Patriachy, religion, and Ja's toxic masculinity


Patriachy, religion, and Ja's toxic masculinity

BY Carolyn Graham

Friday, January 24, 2020

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One of my master's dissertations looked at male victims of domestic abuse. Its focus was Jamaican men. It was a qualitative study that explored, through in-depth interviews, the experiences of men who suffered abuse at the hands of their female spouses. As I recall, the literature had no explanations for female abusers as we are seeing for these men who murder their intimate partners. Also, there were no explanations of women not being able to control their emotions or that it was their fathers' fault why they abused men.

I did the research because I came from an abusive household with my father as the perpetrator and my mother and us children as the victims of severe physical abuse. I witnessed my father holding a knife to my mother's neck on one occasion. She left, taking us with her, but he found us. On this occasion a machete was brought into the altercation as she attempted to fight back. Neighbours got involved and chased him off. She moved. He found us again. This time my brother was of age, and he and some men in the community chased him off. I believed that was the last time he came back.

He would snap for the least infraction — like us children making noise. He would attack my mother for defending us from his abuse, for daring to ask for money to support us or to buy our back-to-school items. We went to school without books. We had little food. But, my mother was very resourceful. She would remake our uniforms turning them inside out. She would cut up old clothes and make school bags for us. Most of my meals were porridge, as that could 'stretch'. She was a housewife and did not work outside the 'home'. She lived the myth of the male breadwinner; she being the married woman in the church subjecting herself to her husband.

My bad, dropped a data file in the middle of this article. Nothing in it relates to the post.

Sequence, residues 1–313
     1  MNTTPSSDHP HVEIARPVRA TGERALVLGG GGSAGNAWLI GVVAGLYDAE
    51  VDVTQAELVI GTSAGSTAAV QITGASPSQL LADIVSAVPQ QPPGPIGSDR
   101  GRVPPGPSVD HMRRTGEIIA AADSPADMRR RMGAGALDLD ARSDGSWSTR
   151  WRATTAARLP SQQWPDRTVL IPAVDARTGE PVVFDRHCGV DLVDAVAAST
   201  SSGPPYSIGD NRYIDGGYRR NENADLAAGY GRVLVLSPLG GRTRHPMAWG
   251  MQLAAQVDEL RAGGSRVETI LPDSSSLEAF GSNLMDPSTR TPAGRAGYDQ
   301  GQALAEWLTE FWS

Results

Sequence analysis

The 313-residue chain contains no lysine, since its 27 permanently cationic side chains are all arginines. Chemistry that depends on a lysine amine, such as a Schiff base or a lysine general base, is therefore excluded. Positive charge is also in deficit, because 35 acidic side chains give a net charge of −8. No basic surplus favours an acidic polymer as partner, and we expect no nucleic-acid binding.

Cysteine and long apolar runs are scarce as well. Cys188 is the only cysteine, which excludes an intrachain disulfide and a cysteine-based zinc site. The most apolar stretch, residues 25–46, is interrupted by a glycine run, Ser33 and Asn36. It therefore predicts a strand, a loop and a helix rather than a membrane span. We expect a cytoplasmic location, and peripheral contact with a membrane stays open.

When I did the research, I was in the midst of helping a female friend who was being psychologically abused by her husband. I took her to the Women's Crisis Centre. I began to learn about men, power, and control more than I had learnt before, as I was now an adult and it had raised its head again in my life. That case and others I was reading about sent me back to my childhood; to my father who physically abused me and the men who attempted to molest me. To my early adult years and the men whom I thought were role models, who offered me help but only did so because they wanted something in return. I quickly learned how to tell them to fly off and leave me alone. I was learning to be afraid of men. So I did the research.

I was attempting to understand men, perhaps to cure my fear. I knew a few men who were having difficulties at home and I decided to explore domestic abuse from their perspective in order to develop an understanding of that type of intimate partner abuse.

I crafted my response to domestic abuse as a human rights issue. I knew good men. I have more nephews than I have nieces. I was seeking understanding so that I could engage men in a balanced way. But I also found in the literature — which no research needed to have shown — that men were the main perpetrators, and their abuse tended to be more deadly, as we see playing out in this country.

A prominent explanation in the literature on domestic abuse was power and control linked to patriarchy. Power and control stemming from historical notions of women and children and their place in relation to men is still relevant. Men have crafted a discourse of superiority and entitlement, power and ownership over that which they possess. As a Christian country, this religion has taught men and women that their wives must subject themselves to their husbands. Wedding vows would teach women to love, honour, and obey their husbands; that was the era in which my mother got married. I don't know how many still subscribe to this, but this is a religion, like others with historical roots, that took its cues from powerful men — men like Henry VIII, who manipulated Christianity to allow him the freedom to dispense with his wives at the drop of a hat (or head, in his case).